Profit Attribution to Dependent Agent Permanent Establishments in a Post-BEPS Era

Raffaele Petruzzi and Raphael Holzinger

The overall topic of profit attribution to dependent agent permanent establishments is a highly complex issue. Various aspects are controversially discussed in literature. From a general perspective, article 7 and article 9 of the OECD Model are both fundamentally based on the arm’s length principle, which was initially established in the early 1930s in order to properly account for profit attributions within MNEs. Since its beginnings, the arm’s length principle(s) under article 7 and article 9 of the OECD Model have evolved over time. In this respect, especially the OECD’s work under the Authorised OECD Approach, BEPS Action 7 as well as under BEPS Actions 8-10 have eventually minimized, or even closed the gap between, the principles of profit attribution under article 7 and article 9 of the OECD Model. This article will analyse the topic of profit attribution to dependent agent permanent establishments, thus dealing with the question as to whether or not different results could/should arise when applying article 7 and article 9 of the OECD Model in a post-BEPS era.

Abuse and Aggressive Tax Planning: Between OECD and EU Initiatives – The Dividing Line between Intended and Unintended Double Non-Taxation

Félix Daniel Martínez Laguna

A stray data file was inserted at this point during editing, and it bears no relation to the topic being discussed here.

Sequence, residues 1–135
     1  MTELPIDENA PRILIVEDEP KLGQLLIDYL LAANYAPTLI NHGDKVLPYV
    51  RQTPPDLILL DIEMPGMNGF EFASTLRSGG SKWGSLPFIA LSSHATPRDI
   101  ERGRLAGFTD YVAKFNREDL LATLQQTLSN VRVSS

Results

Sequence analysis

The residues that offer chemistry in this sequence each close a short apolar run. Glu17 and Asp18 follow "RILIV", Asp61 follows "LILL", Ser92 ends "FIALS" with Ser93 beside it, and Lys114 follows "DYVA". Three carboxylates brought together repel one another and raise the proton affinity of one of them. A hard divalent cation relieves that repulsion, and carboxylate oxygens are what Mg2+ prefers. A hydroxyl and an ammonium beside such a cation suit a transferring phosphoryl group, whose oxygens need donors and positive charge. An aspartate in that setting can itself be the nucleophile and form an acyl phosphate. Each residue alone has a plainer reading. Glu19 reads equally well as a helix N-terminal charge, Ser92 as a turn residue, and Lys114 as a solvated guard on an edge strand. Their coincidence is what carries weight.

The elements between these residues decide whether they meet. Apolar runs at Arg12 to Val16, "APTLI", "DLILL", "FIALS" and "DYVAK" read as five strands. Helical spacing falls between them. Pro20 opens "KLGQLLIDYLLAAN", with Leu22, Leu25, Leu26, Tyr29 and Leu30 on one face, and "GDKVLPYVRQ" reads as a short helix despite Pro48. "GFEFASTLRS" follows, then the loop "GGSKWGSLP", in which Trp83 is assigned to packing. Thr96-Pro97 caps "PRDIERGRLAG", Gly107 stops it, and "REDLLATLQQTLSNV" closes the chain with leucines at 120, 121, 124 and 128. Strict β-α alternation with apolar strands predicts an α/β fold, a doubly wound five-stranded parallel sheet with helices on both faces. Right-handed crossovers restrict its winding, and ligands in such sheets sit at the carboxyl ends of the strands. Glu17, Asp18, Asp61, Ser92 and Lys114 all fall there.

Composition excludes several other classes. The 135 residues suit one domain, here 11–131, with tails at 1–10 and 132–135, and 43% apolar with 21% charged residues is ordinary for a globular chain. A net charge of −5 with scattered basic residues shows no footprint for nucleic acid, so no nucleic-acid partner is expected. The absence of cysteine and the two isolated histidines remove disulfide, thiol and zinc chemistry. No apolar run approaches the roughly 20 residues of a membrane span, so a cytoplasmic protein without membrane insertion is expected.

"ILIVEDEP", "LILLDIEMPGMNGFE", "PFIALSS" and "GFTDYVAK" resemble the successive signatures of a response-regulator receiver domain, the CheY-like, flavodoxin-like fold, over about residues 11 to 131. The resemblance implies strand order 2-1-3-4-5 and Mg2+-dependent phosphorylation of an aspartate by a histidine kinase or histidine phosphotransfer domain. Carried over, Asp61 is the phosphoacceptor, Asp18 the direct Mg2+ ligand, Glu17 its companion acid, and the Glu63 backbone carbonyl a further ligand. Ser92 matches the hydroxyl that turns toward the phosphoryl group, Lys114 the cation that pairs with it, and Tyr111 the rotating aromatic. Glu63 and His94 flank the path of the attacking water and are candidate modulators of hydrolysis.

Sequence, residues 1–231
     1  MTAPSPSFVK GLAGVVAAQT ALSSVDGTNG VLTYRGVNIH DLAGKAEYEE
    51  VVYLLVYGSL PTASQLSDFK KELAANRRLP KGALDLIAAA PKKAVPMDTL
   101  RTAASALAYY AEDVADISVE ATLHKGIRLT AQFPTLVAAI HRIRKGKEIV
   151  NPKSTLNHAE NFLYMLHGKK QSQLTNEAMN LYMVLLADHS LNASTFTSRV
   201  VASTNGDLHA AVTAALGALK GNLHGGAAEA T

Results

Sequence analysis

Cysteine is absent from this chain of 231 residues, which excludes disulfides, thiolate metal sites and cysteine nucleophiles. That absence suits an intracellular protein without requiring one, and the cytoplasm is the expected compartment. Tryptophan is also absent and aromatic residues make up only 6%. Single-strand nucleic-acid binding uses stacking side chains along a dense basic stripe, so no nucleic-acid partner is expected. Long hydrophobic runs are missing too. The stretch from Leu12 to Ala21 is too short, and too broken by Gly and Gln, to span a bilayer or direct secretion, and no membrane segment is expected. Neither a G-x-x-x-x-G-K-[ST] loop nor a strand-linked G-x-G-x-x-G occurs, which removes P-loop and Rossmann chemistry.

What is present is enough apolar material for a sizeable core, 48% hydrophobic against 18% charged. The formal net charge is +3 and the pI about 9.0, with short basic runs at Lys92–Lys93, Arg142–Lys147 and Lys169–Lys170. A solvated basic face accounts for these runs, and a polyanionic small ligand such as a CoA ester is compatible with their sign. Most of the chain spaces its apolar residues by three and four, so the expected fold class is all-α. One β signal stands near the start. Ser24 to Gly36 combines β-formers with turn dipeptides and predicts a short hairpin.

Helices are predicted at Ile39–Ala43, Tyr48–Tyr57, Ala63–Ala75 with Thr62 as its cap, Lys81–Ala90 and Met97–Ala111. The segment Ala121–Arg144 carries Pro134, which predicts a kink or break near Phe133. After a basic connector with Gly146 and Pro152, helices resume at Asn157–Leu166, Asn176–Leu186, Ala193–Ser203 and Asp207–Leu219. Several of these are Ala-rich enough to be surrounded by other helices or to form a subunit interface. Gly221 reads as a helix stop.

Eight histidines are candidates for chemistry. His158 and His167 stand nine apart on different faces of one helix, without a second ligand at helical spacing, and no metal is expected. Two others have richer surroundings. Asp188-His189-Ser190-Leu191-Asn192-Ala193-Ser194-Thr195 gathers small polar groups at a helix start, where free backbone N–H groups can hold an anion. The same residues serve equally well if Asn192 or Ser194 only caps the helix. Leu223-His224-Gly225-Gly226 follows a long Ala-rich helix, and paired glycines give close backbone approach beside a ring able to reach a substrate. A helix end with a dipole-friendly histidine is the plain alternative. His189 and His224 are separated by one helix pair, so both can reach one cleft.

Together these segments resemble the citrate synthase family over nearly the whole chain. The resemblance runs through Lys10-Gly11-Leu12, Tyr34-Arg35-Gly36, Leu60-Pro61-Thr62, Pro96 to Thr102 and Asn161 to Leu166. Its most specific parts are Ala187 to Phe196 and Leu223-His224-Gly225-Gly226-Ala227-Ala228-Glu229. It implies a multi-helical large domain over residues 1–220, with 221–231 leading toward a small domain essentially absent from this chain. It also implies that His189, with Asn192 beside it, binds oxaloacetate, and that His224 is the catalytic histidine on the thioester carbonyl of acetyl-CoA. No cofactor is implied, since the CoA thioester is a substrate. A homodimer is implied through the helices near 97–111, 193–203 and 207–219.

Is it possible to talk accurately about unintended double non-taxation and aggressive tax planning from an international perspective? Do they have an international meaning? The aim of this contribution is to clarify the meaning of unintended double non-taxation and aggressive tax planning in the international debate. When it comes to intentions, this contribution proposes splitting the concept of double non-taxation into proper double non-taxation and twice non-taxation. Proper double non-taxation provides the dividing line between intended and unintended double non-taxation at treaty level. The parallel exercise of sovereignty by different states leading to non-taxation from a domestic perspective and then to double non-taxation across borders relates to twice non-taxation, situations where it is not possible to infer intentions in the abstract out of that very outcome. One of the main conclusions of the article lies on the national nature of the concepts of aggressive tax planning and unintended double non-taxation present in the international tax debate and the relation between them, denying their international character. Aggressive tax planning is defined by those domestic and treaty measures that identify and deter those outcomes that are considered non-acceptable or unintended in advance, where avoidance is not present whatsoever. This contribution grounds its conclusions through the analysis of double non-taxation stemming from sovereignty and the confrontation of state behaviour and taxpayer behaviour with respect to the relevant outcome of double non-taxation, paying great attention not only to tax planning and avoidance but also to tax competition.